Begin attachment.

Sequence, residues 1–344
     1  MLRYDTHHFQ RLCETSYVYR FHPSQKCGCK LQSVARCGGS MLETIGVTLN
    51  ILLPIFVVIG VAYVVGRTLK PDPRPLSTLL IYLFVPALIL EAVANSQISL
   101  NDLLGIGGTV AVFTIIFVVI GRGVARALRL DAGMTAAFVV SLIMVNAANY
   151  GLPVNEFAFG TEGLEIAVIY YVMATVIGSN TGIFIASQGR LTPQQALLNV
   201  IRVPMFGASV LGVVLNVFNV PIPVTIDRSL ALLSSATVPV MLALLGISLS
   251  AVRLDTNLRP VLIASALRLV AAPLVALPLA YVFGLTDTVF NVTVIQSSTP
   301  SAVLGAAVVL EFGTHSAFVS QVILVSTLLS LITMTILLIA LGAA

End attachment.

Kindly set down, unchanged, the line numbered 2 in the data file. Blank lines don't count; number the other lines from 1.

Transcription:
     1  MLRYDTHHFQ RLCETSYVYR FHPSQKCGCK LQSVARCGGS MLETIGVTLN